Does it matter what nursing school you go to?


  1. Would you transfer to the better Nursing Program?

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6 members have participated

I have a decision to make on whether to stay in the current program I am in or transfer to a better program. I'm in my 1st semester of nursing school and I'm doing well in the program I am in, but I know it's not the greatest program in the world. So my question is, does it really matter what program you go to, as long as you do well in the program and graduate? I keep thinking, "Upon graduation, will I be prepared to take care of patients efficiently if I stay in this current program?" The program I am in now is close to home, and if I were to travel and transfer to the better program (which is hands down, a better program), it will put financial strain on our family and be hard on us, but if going to this program could make me a more efficient nurse upon graduation, I would make that sacrifice. I just don't know if it is even worth it in the end, because I have heard you learn most things after you graduate and start working as a nurse, so my question is, does it really matter where you graduate from? Would you transfer to a better program if you had the opportunity? Or would you stay put at the current program you are in because you will learn so much more once you graduate and start working. By the way, both programs NCLEX results are nearly the same. The only huge difference is the better program has a higher student retention rate than the program I am currently in.


4,123 Posts

Specializes in NICU. Has 8 years experience.

If both have high NCLEX pass rates (>85%) then it doesn't matter. You might want to talk to a nurse recruiter at a hospital that you are interested in working at and ask them the same question. They may give you some insight as to how your current program is perceived by hiring managers.


7 Posts

Honestly if NCLEX passing rates are the same I wouldn't be worried about it. You do learn a lot in the field from what I hear, and in the 2 clinicals and 3 screeenings I've done, I can tell thats where you set everything in stone. You'll be a great nurse either way! If you truly want to move to "the better program" go for it! It's really about what you want. Who you are as a nurse really depends on the kind of person you are and how much you put into your program. Best of luck!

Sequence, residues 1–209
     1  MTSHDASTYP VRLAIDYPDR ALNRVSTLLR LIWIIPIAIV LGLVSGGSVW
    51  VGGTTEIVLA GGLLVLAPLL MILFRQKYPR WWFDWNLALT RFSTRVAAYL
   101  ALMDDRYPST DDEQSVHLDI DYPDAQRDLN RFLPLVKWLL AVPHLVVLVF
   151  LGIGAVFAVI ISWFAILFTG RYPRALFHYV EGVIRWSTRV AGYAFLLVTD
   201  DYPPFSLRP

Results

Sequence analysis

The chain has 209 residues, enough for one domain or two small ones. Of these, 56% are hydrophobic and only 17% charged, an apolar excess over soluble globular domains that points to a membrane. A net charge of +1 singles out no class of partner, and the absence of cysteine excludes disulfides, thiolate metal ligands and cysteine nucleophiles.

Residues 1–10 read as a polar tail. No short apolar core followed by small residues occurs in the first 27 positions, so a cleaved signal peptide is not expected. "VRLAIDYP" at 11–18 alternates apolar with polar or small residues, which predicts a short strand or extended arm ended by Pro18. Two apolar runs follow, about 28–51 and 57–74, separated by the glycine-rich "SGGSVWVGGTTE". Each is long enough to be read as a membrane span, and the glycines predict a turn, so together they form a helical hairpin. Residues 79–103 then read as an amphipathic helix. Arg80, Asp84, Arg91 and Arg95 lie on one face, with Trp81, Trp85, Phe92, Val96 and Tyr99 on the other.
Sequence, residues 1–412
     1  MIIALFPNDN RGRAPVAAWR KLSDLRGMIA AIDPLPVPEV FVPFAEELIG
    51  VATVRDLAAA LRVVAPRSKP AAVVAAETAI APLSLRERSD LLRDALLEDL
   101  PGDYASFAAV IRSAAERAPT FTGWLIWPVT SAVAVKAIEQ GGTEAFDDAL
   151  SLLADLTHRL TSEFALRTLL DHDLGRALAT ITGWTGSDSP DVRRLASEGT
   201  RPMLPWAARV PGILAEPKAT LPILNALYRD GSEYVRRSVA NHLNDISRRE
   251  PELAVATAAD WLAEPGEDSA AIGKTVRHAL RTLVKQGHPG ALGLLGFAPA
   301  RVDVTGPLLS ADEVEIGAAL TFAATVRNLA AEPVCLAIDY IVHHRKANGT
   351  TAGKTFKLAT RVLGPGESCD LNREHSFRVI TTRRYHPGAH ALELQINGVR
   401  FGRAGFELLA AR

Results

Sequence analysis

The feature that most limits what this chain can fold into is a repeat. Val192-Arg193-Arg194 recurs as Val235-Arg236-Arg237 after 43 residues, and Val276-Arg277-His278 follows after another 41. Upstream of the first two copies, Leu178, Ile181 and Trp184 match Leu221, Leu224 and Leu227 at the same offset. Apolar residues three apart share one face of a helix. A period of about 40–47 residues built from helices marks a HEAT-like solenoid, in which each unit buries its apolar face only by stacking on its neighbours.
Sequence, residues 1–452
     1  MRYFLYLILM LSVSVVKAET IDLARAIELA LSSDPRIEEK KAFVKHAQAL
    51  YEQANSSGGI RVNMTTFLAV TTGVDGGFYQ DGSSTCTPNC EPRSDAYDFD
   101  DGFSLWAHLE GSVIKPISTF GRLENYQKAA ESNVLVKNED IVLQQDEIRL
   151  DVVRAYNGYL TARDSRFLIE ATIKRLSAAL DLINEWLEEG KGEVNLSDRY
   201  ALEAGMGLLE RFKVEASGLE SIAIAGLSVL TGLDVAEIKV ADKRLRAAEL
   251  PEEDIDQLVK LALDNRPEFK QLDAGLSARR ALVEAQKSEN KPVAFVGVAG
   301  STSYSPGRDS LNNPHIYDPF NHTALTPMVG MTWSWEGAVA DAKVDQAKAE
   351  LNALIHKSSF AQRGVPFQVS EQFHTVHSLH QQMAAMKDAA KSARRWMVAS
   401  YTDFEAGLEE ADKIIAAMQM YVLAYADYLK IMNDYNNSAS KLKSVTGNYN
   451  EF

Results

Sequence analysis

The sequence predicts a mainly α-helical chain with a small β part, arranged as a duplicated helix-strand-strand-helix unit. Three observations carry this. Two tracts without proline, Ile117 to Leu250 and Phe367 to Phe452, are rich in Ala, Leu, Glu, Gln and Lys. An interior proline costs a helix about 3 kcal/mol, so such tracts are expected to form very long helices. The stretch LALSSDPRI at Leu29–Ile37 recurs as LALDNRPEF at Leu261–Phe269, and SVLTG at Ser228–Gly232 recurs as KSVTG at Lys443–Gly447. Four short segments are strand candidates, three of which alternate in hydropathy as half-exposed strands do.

llg, PhD, RN

13,469 Posts

Specializes in Nursing Professional Development. Has 46 years experience.

It depends on the programs. How much better is the one than the other -- a lot? or just a little? Do your local employers favor graduates from one program over the other? If so, by how much and is there anything you can do to overcome that.

There are some schools in my area that my hospital will not hire new grads from -- almost never. Is the school you are going to as bad as one of those? I don't know.

Find out from your local sources whether the job opportunities are OK for the graduates of the cheaper, easier school. If you are happy with those opportunities (meaning that local employers are satisfied with the quality of the graduates), then it is probably OK to go there. However, if local employers don't like to hire those new grads -- transfer.


56 Posts

Yes it does sort of. As long as NCLEX pass rates are good then stay. Also is it ADN or BSN? You can get your ADN first then go to a better school online for BSN. Personally, from what I have heard (I am in the second best nursing program in my state) that students that graduate from my school have no problem finding jobs. When it comes to employment students from other schools may have a leg up on you. But that also depends on the job market where you live. Nursing school is hard enough, do what works best for you.

Esme12, ASN, BSN, RN

4 Articles; 20,908 Posts

Specializes in Critical Care, ED, Cath lab, CTPAC,Trauma. Has 43 years experience.

When my daughter was looking at schools we had 2 well respected programs one ADN with a direct BSN affiliation/acceptance upon graduation and one BSN. They both had good NCLEX. The BSN was better the NCLEX 98% the last 5 years but the ADN/BSN was more expensive although over all shorter.

We chose the straight BSN state school.